Download our e-Treasury Secure Browser
Download the Sterling e-Treasury Token Client
For optimal viewing experience, please use a supported browser such as Chrome or EdgeDownload Edge Download Chrome
Published on April 29, 2020 | Webster Bank
Most business owners have spent most of their life building their business and not so much time figuring out who will take over when it’s time to slow down. Transition planning requires careful thought as to who will lead the company you worked so hard to build. Your life’s circumstances will redefine your plans and determine the remaining options left to pursue.
You may already have a team of trusted advisors and will need to call upon them for advice. You and your banker, CPA, attorney, business valuation expert and insurance professional should figure out the value of your business, both to yourself and the outside market, among other things. Tax implications are an important topic to consider; the United States Small Business Administration has great resources.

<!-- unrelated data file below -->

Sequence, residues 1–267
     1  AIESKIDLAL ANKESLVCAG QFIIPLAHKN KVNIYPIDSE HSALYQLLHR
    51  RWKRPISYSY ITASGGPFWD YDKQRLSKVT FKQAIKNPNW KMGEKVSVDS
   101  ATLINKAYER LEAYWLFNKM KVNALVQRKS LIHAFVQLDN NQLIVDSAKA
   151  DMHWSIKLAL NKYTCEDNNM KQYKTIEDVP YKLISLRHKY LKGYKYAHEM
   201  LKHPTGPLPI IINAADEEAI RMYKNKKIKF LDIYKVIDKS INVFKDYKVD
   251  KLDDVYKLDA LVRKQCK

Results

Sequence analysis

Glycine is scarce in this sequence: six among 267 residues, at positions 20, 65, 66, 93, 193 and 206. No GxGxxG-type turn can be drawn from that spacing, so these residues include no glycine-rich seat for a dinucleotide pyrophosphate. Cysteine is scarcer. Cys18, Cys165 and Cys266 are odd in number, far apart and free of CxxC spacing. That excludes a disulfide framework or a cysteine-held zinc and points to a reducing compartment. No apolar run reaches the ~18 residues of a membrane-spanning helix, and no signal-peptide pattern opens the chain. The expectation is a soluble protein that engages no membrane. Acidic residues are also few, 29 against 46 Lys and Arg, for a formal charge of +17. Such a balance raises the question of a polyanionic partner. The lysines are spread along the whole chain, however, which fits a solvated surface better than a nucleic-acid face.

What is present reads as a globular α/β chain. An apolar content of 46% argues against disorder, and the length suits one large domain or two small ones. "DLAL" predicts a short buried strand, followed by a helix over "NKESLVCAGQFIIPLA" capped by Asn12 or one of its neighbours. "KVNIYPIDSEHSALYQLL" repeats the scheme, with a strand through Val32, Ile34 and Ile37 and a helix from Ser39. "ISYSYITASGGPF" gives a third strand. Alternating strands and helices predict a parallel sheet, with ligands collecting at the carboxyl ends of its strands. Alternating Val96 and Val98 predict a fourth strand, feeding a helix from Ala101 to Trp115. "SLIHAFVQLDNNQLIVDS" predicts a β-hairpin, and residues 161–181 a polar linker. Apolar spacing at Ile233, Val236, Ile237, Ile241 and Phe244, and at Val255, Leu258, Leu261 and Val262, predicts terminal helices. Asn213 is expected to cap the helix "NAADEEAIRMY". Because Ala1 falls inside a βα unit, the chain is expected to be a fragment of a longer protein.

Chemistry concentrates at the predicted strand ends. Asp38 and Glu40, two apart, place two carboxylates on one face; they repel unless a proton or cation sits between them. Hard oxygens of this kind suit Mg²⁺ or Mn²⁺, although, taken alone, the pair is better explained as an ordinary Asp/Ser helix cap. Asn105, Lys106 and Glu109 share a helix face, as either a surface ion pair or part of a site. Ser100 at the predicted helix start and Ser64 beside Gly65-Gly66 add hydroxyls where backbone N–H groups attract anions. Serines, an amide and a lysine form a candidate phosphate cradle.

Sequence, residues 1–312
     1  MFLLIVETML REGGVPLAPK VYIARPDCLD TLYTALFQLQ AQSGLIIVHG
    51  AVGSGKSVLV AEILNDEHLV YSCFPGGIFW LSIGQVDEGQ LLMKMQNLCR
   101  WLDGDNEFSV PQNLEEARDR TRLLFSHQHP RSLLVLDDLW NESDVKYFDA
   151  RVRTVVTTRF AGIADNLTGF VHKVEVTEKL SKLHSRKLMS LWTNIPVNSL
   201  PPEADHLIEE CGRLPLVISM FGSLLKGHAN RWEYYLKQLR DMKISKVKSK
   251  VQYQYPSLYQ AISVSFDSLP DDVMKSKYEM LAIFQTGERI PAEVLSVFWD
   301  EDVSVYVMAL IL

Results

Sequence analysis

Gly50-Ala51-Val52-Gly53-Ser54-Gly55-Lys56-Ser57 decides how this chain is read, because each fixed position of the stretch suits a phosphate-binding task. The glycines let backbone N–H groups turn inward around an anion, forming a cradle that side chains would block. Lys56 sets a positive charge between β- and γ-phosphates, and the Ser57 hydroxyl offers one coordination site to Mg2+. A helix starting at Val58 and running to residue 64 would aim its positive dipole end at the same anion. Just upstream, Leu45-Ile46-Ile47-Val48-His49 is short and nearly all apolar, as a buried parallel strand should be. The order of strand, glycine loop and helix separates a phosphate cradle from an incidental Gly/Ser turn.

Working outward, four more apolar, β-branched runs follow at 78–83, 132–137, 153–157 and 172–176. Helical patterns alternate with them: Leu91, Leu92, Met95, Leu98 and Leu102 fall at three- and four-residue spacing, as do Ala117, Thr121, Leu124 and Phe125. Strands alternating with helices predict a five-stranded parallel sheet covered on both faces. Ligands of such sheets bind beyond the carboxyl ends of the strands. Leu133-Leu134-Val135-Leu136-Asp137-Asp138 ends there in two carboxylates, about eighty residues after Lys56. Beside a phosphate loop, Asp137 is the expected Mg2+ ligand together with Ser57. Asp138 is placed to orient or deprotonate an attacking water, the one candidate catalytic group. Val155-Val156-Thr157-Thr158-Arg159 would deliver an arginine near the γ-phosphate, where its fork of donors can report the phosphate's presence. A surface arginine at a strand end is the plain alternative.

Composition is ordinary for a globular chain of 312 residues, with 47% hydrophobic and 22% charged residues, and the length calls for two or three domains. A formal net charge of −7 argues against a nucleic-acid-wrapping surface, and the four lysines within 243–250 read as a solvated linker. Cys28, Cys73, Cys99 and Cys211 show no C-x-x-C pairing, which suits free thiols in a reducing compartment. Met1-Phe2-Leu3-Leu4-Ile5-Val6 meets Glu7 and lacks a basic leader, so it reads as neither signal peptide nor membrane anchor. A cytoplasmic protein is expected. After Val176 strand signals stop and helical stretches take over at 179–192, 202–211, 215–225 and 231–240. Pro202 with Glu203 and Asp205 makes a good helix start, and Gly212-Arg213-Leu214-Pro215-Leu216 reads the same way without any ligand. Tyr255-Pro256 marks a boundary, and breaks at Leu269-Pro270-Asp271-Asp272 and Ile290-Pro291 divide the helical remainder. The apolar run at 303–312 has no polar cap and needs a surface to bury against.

Do you have someone in mind to take over? Think about who is waiting in the wings and knows the inside and out of your business, including family members, clients and suppliers. Is now the time to have a conversation with that person? You’ll want to prepare the potential new boss to ensure an orderly transition while retaining and informing your key employees. Before starting the process, confidentiality and non-compete agreements may be necessary to prevent disclosure of trade secrets and sensitive information.
Establishing a will with your overall intentions is an important step for planning ahead. Speak with your accountant on the potential tax implications. The Internal Revenue Service has information for business owners here about closing your business.
Building a transition plan requires careful thought and consideration. As the year comes to a close, think about who you would like to take over your business when you retire or if something unexpected happens. Many small business owners don’t think about their succession or transition plans until they’re ready to retire, but advanced planning can set up your business for future success and protect your legacy once you’re gone.